(1) Having a sluggish metabolism doesn’t make us fat: we get fat mostly because we keep pouring crummy and/or too much fuel into our amazing human machine, our body. That behavior screws up our bodily systems, and to a small degree, our metabolism, causing an unwanted result: excess weight and/or ill-health. When was the last time you put crummy fuel into your car? Never? Runs pretty nicely on the right fuel, doesn’t it?
(2) There really is no need to “rev-up” your metabolism. Forget about energy drinks, pills, potions, etc. All you need to do is provide the right fuel to your body, which will eventually get your metabolism working right, the way it was designed. You know, just like your car. However, there are a few things you can do while you’re working on improving your fuel (nutrition) program.
Second, if you are overweight or obese, don’t feel like you are alone. Our culture is a mess, inundating us with advertisements to eat poorly then take medicine to feel better! While it’s easy to blame a sluggish BMR for obesity, that won’t fix anything. A sluggish BMR happens because we’re stuffed full of sugar, meat, oil, and other processed, high-density junk. But BMR is usually higher in overweight people, because they need more calories to fuel their larger bodies. And they tend to be more sedentary, however, and thus expend less energy through lack of activity.
Ironically, if you weigh 200 pounds and work hard to lose 50 pounds, your BMR will wind up lower than that of a person who has weighed 150 all along. Thus, it will be easier for you to gain your weight back.
You may also know about the “protein” promoters; people who swear by the Atkins and South Beach diets. But hang on a minute. It’s true that it takes your body more energy to process protein than carbs. But that doesn’t mean you’ll lose weight on a high-protein diet—it depends, ultimately, on how many calories you consume and how many you burn. Remember, if you consume (take in) more calories than you burn, you’ll gain weight. And, if you burn more calories than you consume, you’ll lose weight. Eating more protein has a small impact on your metabolic rate. However, your body needs protein for growth and repair, so make sure you don’t cut yourself short on protein.
Other practices that are “supposed” to increase metabolic rate include (1) eating frequent small meals instead of two or three larger ones, (2) green tea supplements, and (3) getting enough sleep. Unfortunately, the “grazing” theory has never proved out for weight loss—only a few studies have been completed, and no significant boost in metabolic rate has been proven. Green tea extract, often promoted as a weight-loss aid, might help in theory because of certain phytochemicals (including caffeine) in the tea, but studies have yielded inconsistent results, and any such effect is likely to be small and brief. Several studies have linked inadequate sleep with weight gain and, possibly, reduced metabolic rate, but the effect of sleep loss has not been directly measured. Obviously, if you’re exhausted from lack of sleep, you’re less likely to engage in physical activities.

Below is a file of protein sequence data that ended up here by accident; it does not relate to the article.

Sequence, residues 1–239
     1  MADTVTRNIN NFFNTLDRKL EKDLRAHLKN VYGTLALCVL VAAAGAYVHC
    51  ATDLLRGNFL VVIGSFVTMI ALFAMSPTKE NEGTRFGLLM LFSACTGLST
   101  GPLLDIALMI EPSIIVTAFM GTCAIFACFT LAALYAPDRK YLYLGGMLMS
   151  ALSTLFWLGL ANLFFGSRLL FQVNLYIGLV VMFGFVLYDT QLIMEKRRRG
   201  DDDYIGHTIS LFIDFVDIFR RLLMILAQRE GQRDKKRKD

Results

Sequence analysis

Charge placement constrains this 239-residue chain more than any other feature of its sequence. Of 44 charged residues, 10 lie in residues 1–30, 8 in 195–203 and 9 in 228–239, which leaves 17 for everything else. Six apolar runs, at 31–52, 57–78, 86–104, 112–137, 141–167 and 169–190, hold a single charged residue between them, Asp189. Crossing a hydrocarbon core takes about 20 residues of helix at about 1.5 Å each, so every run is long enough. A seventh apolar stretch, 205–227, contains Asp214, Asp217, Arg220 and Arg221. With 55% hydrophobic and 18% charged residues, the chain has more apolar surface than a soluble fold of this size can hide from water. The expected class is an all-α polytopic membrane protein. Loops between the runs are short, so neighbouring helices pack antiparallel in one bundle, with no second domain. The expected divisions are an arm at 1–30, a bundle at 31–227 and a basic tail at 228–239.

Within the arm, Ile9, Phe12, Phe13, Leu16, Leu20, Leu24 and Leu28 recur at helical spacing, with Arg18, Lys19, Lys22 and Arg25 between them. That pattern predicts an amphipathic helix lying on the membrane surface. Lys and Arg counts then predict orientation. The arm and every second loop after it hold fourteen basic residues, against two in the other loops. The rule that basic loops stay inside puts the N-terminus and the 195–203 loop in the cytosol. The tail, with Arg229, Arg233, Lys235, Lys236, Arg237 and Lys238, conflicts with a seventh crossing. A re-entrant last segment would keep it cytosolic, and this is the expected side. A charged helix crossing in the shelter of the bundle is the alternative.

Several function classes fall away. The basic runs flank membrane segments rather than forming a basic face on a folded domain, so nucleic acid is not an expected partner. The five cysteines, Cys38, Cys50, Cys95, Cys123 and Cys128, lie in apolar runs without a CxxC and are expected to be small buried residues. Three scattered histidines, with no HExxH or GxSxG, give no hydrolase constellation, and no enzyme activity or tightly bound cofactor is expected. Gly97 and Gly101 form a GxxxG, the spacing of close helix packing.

So here’s the bottom line: there is no easy or cool trick for boosting your basal metabolic rate; your BMR doesn’t change much at all, unless your body mass changes. However, there is good news! If you start putting good fuel (meaning a mostly plant-strong, whole-food diet) into your amazing body, your body will begin working like it was designed to. Your your weight will begin to drop, your “sluggish” metabolism will change, your energy levels will climb, and your health will improve. If you have no idea where to begin, take a look at my previous blog posts “Forks over Knives” and Is Your Density Related to Your Destiny?
In addition, kick up your activity program. Although aerobic exercise such as brisk walking, running, biking, and swimming are good, they are short-term calorie burning activities. Much more valuable to your BMR is building or rebuilding muscle in your body. Strength training can increase BMR via a higher percentage of muscle mass in your body, which causes your body to burn calories round the clock, including while you sleep. A balanced workout should include both aerobic and strength-building activities, but if your schedule won’t permit both, opt for the strength training.
Finally, don’t forget to drink plenty of water – your body really needs water! Do you know what happens to a car engine if there isn’t enough water inside? Ask a mechanic. And fiber; you need fiber to keep your elimination system clean and moving well. Also check your pH and strive for a balanced or even slightly alkaline pH blood level. Lastly, do your best to get plenty of sleep; between 7 and 9 hours every day. Your body needs enough rest to heal, rejuvenate, grow muscle, repair tissue, and synthesize hormones.
Your metabolism works great, or at least will work great, as long as you are committed to putting good fuel into your body. You know, just like you do with your car.
To Your Health and Mine,